Q: There is much debate around how law firms can foster the next generation of legal talent. What advantages and disadvantages do midsize firms have in attracting and retaining young lawyers, particularly millennials?
A: Midsized firms offer a number of advantages when trying to attract and retain young talent. The most significant advantage for a young ambitious attorney is the opportunity to become directly and substantively engaged in clients’ matters sooner in their careers than they might be able to do at larger law firms. Midsized firms do not typically staff matters with as much leverage as our larger competitors, which allows younger lawyers to take on more responsibility. It also affords them the opportunity to work directly with the firm’s partners. We also encourage our young lawyers to become involved in the community by joining not-for-profit organizations and the firm supports that participation. Finally, we believe that, while we all work hard, young lawyers can find a better work-life balance working for a midsized firm. We are finding that millennials value the quality of a collaborative work experience, the opportunity to get involved in causes important to them, and the work/life balance that Farrell Fritz provides.
Q: Does your firm employ any nonlawyer professionals in high-level positions (e.g., COO, business development officer, chief strategy officer, etc.)? If so, why is it advantageous to have a nonlawyer in that role? If not, have you considered hiring any?
A: Our firm employs a number of nonattorneys in very significant roles; these professionals work closely with me and the management committee to assist in conduct of the firm’s business. Specifically, we employ directors of finance, information technology, marketing, administration and benefits administration. Each of these people have substantive knowledge which we, as lawyers, do not, and their contributions to the firm are invaluable.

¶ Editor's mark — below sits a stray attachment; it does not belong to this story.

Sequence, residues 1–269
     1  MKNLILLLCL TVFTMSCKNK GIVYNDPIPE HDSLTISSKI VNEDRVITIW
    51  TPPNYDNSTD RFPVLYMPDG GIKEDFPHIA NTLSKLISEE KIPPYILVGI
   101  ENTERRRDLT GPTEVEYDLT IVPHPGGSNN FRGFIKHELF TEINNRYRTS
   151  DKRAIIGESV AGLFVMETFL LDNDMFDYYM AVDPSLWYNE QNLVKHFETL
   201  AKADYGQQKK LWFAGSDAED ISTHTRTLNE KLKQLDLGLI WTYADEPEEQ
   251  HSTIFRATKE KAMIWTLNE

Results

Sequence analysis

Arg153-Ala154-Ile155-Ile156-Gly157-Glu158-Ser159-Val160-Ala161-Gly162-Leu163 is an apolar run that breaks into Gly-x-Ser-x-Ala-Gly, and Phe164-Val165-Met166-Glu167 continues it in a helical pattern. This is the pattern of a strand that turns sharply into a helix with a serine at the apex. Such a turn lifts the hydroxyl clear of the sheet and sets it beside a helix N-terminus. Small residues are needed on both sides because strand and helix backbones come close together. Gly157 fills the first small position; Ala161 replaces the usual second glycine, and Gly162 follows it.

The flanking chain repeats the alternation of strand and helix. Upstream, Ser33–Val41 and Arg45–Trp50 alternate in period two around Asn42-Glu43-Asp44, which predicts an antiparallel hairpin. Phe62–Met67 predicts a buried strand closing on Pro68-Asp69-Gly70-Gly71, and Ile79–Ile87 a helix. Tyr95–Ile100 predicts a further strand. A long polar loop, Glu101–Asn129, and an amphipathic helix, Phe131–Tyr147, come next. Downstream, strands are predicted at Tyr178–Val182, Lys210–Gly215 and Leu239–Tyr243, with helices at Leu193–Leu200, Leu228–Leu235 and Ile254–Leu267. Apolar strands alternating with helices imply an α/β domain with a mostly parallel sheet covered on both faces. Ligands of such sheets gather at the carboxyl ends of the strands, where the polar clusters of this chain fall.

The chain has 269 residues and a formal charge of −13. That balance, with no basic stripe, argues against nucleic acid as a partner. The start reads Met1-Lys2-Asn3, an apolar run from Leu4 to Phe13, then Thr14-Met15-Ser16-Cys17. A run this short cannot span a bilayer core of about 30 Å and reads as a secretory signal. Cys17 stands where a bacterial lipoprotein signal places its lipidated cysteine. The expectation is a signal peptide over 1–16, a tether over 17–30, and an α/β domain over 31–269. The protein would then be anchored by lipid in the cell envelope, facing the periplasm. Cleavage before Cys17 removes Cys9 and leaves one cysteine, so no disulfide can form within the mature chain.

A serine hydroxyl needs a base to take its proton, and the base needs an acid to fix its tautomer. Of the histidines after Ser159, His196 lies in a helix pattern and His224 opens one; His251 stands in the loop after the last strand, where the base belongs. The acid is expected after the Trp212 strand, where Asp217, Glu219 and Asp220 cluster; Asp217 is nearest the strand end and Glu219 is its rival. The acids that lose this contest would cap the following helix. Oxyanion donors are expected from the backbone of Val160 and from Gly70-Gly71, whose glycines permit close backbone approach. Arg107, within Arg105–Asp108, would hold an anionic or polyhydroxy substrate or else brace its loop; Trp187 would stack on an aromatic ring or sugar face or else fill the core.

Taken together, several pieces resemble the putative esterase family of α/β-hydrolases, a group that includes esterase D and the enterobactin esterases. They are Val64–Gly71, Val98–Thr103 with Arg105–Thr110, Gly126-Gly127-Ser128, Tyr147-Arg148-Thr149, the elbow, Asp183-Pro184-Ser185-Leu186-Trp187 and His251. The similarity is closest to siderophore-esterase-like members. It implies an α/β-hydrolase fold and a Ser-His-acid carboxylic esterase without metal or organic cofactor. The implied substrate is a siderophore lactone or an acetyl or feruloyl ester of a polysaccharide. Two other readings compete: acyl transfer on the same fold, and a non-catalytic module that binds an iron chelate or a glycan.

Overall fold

Q: What if any technology advancements have you made in your firm in recent years? What are the challenges in implementing tech changes?
A: We are constantly enhancing our IT infrastructure to facilitate secure access from remote locations and to ensure that our data and our clients’ confidential information is secure. Recently, we have made significant enhancements to mobile access to the firm’s systems which facilitate remote time-entry and work-flow management. We have also recently replaced and upgraded the firm’s accounting and conflicts management systems. The biggest challenge in implementing any technology changes—or any change for that matter—is the reality that people don’t like change. We attempt to address this challenge by offering robust and user-friendly training programs.
Q: What would you say is the most innovative thing your firm has done recently, whether it be internal operations, how you work with clients, etc.?
A: The most impactful thing that our firm has done recently was the relocation and reconfiguration of our main offices in Uniondale, as well as our New York City office. In this process, we are able to rethink our needs and build out space suited to those needs. We now have a very modern space in both locations that will suit us into the foreseeable future. We have substantially reduced our occupancy costs, which will allow us to continue to deliver our services in as efficient a manner as is possible.
Q: Does your firm have a succession plan in place? If so, what challenges do you face in trying to execute that plan? If you don’t currently have a plan, is it an issue your firm is thinking about?
A: Two years ago, I became the firm’s fourth managing partner; we have successfully managed generational changes because we have a very strong culture which is fully embraced by the firm’s partners. With respect to succession, we work to engage younger partners in the firm’s business and involve them as committee chairs and practice group leaders. We encourage our attorneys to take leadership roles within their communities, which also helps them build their leadership skills. We attempt to be as transparent as we can be with the partners so that all understand the business of the firm. With respect to nonlawyer directors, we are constantly evaluating the firm’s needs and building strong staff that supports each of them.